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Currently im injecting my Unit of Work inside the controller.

I figured out that in most of the designs, controllers calls the service layer and service calls the repository/DAL layer.

Most of the times in the controller, I don't have/need any logic and just need to fetch from db and pass it to view.

I do this by calling the repository from the unit of work, is this a bad practice?

I basically have only a two layered architecture instead of a 3 tiers. Im kinda missing the service layer/application layer

Views(MVC) <- Controllers(MVC) -> UoW(DB) -> Repository(DB) -> EF(DB) -> SQL Server(DB)

For the interested i can send my git repo in private.

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    Questions containing the words "bad practice" are unanswerable unless you can articulate your specific concerns. Clearly it already works. – Robert Harvey Apr 3 '19 at 17:13
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    You don't have to implement abstractions you don't need, regardless of what the "good practices" say. – Laiv Apr 3 '19 at 17:38
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If you don't really have any logic beside fetching data from the repository and showing it, then it is perfectly fine to skip a separate service/application layer. In fact it would be a bad practice to have an extra layer in that case, since you would be complicating the architecture for no benefit.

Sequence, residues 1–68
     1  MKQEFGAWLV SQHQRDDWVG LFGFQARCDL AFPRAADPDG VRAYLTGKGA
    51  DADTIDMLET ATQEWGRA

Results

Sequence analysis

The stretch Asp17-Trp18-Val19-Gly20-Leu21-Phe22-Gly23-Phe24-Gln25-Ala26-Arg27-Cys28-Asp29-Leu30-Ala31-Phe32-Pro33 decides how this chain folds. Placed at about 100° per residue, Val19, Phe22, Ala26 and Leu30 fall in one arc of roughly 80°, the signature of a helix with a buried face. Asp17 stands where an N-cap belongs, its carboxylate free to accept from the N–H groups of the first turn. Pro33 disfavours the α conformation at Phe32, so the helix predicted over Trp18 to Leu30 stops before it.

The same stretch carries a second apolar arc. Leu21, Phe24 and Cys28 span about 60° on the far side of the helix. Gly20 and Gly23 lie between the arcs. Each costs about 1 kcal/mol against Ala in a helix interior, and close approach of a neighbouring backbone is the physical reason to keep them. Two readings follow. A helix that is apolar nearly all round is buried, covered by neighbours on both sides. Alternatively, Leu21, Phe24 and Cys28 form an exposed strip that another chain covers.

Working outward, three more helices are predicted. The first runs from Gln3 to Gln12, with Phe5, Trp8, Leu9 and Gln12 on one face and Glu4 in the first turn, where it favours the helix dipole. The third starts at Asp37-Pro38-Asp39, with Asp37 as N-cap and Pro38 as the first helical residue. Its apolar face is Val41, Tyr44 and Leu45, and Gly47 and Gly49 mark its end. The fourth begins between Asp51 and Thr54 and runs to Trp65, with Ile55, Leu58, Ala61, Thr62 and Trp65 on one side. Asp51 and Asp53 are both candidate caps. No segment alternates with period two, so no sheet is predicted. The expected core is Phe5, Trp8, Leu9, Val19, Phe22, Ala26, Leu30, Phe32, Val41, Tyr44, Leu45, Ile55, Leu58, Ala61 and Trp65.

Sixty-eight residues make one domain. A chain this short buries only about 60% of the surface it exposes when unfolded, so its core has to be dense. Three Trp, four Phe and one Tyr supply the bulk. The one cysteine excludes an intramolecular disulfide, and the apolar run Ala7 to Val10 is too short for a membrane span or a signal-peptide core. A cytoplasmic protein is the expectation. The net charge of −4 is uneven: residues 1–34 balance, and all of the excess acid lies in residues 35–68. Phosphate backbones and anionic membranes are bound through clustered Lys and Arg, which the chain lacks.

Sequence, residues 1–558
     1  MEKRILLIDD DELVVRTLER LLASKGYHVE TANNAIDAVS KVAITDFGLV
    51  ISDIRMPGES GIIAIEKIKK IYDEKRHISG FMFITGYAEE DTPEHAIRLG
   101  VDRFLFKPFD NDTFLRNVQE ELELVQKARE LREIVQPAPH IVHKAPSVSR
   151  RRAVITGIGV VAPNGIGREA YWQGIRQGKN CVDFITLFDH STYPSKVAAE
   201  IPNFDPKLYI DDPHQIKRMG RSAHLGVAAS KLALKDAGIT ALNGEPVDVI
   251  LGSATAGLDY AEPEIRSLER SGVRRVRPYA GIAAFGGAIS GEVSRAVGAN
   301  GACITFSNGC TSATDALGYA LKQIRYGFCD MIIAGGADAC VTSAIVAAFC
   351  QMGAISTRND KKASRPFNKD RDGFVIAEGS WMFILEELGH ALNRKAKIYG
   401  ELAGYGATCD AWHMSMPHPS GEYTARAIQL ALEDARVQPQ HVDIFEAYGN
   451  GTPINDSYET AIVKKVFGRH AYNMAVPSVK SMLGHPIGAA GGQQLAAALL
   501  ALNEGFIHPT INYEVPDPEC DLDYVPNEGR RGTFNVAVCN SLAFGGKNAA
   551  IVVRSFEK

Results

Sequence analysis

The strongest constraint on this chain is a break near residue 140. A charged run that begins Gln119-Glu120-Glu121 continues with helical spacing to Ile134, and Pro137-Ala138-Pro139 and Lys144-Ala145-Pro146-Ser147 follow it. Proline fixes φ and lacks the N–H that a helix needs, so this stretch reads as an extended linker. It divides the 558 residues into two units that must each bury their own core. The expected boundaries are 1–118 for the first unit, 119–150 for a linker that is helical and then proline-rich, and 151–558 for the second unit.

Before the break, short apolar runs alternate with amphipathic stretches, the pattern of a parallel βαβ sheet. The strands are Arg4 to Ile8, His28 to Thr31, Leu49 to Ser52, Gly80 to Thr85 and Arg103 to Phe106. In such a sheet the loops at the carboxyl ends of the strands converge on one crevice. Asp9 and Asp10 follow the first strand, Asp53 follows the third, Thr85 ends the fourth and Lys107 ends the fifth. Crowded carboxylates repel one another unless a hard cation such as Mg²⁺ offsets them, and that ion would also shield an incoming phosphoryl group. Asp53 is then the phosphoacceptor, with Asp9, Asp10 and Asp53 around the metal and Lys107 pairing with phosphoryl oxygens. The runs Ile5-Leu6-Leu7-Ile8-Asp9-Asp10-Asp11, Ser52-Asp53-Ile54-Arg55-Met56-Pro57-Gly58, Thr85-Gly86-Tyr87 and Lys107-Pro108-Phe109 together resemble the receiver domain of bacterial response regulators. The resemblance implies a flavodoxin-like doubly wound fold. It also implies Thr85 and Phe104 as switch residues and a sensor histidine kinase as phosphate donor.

You can always introduce a new layer at a later point if the need arises.

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  • "You can always introduce a new layer at a later point" I agree with the YAGNI-centric answer, but I do want to add a footnote here that for sufficiently large codebases, inserting another layer can become a considerable task. If there's a reasonable expectation that this may be necessary in the future, it can be better to pre-emptively already set the layer up (even if it's just a passthrough at the moment). Nonetheless, +1 from me as overengineering can be as much of a problem as underengineering. – Flater Jan 6 at 12:31
  • @Flater it will be the same amount of work to introduce it whether you do it prematurely or when it is actually needed. – JacquesB Jan 7 at 8:36
  • I adamantly disagree. Do note that I said "for sufficiently large codebases". The larger a codebase is, the more troublesome a rewiring becomes (compared to building it right the first way). – Flater Jan 7 at 9:52
  • @Flater Agree, it is obviously more work to introduce on a larger codebase that on a smaller. But having a superfluous extra layer will make it more work to grow a smaller codebase to a larger, so you just distribute the work over more time. – JacquesB Jan 7 at 10:42
  • I can agree with that for small codebases. The combined conclusion is then that the larger a codebase is/will be, the more you should favor pre-emptive layering. For small codebases, it can be put off until necessary. For large codebases, it's generally more beneficial to pre-empt (at least earlier than you would for a small codebase). – Flater Jan 7 at 11:43

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